|   +------------------------+
    |
    |   +----------------+
    +-->| CLEANUP phase  |  This optional hook is called at the end of
        |----------------|  the process to allow cleanup. E.g used to
        | - OH_cleanup() |  disconnect from a DB, or for log operations.
        +----------------+



Your application can execute some optional code at each phase of the process. To do so it has just to define the handlers that will be automatically called during that phase of the process. (see Handlers)

If your CBB doesn’t include any template integration extension, the only mandatory requirement for your application will be setting the page_content property to some content (i.e. SCALAR, SCALAR ref or CODE ref) before the RESPONSE Phase; if your CBB includes some integration like CGI::Builder::Magic even setting the page_content property will become unnecessary.

    Exceptions

All the fatal errors (even those originated by other used modules) are trapped and wrapped with the indication of the Phase name which was running and the page name defined at the moment of the error. (see die_handler)

<B>Known IssueB>: At the moment, if you don’t use a 5.8.x perl version, a fatal error might trace also the CGI::Builder internal packages instead of just the line that generates it in your own code. Besides, under certain circumstances and for certain handlers, the error line number might refer to the original call in the Instance Script instead to the statement in the CBB; in this case, the phase name shown in the error message should however point you to the handler that generated the error.

No page content

Since the CBF 1.1, an empty page_content does not produce a fatal error. It just produce a 204 No Content http status header or - if you are using the Apache::CGI::Builder integration - a 404 Not Found http status header, if no other status has been set until the RESPONSE phase.

This means that if your application doesn’t implement some system to handle unknown page_names on its own (i.e. page names that don’t produce any page conent), the CBF will handle them automatically. (see also the page_content_check advanced method)

The Extension System

    Extensions and Super Classes

An <B>extensionB> is a CPAN module that extends the capability of the CBF with some documented features which can extend the capability of any CBB. (see Extensions List)

A <B>super classB> is usually a ’private’ module containing some application specific capability, used as the base class for one or more CBB.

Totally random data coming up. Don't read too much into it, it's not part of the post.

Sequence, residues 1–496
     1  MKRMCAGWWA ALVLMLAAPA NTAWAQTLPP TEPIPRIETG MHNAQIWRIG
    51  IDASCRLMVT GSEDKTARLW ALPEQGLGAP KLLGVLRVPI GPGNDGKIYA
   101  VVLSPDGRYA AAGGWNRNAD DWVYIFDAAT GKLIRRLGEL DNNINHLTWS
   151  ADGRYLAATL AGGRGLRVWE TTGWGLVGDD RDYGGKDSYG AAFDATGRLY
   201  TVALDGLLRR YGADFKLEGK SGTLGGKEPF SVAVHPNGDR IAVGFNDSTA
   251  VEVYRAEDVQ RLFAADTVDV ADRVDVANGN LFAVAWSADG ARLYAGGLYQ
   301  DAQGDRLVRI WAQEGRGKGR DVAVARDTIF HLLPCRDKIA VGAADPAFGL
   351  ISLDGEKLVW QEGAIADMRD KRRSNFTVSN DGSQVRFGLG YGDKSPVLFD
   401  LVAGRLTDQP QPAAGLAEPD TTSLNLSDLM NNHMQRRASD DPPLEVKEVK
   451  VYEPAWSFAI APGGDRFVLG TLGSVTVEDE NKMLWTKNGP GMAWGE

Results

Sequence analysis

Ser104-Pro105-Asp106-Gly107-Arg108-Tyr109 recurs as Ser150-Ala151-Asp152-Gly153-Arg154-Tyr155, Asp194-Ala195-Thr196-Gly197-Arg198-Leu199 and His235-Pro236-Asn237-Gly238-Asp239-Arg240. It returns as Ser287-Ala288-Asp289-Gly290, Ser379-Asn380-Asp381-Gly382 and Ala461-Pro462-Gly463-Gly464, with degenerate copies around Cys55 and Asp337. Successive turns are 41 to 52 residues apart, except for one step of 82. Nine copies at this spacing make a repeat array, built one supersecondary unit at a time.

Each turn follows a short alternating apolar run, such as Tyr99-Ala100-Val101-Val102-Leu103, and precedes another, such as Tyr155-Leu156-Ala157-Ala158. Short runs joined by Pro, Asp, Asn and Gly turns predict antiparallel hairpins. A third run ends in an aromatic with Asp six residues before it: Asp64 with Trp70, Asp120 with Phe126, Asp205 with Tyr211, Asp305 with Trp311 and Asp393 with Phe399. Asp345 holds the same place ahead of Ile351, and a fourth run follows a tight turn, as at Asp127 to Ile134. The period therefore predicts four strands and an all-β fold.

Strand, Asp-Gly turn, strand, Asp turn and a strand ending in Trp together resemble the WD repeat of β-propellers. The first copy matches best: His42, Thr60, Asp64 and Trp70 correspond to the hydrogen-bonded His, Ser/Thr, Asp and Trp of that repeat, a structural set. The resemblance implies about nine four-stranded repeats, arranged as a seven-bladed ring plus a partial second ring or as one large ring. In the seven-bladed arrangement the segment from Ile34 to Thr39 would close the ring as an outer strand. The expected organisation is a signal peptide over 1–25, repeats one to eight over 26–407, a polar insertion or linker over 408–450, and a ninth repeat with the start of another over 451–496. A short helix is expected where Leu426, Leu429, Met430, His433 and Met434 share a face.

Both - extensions and super classes - use and benefit from the same extension system capabilities; the differences between them are just scope differences, being aimed to generic/public use, or to specific/private use.

A CBB can include both extensions and super classes by just adding them to the build list:



    # define your application build
    use CGI::Builder
    qw| CGI::Builder::SomeExtension
        SomeSuperClass
      |;



    Inheritance, Overriding and Overrunning

The CBF implements 3 main features in your CBB: the classical <B>InheritanceB> and <B>OverridingB>, plus a CBF exclusive <B>OverrunningB>.

Inheritance

The <B>inheritanceB> allows your CBB to inherit the structure, methods, and properties of the CBF, so your methods can set and retrieve properties and call methods defined by C::B or any other extensions you may include in your build. Inheritance is provided by the simply ’use’ of C::B, that will also update the @ISA array of your sub class with the base classes it inherits from.

Overriding

The <B>overridingB> allows a class to override methods or properties defined by some base class (i.e. C::B or any other extensions). Your sub class can override a method by just defining the same method in its package, or can override the default of a property, by just setting another value.

In the CBB next entry will override previous entries:



    package My::WebApp;
   
    # the effect on @ISA of this build definition
    use CGI::Builder
    qw| My::SuperClassA
        My::SuperClassB
        My::SuperClassC
      |;
   
    # is equal to this
    @My::WebApp::ISA = qw| My::SuperClassC
                           My::SuperClassB
                           My::SuperClassA
                           CGI::Builder
                         |;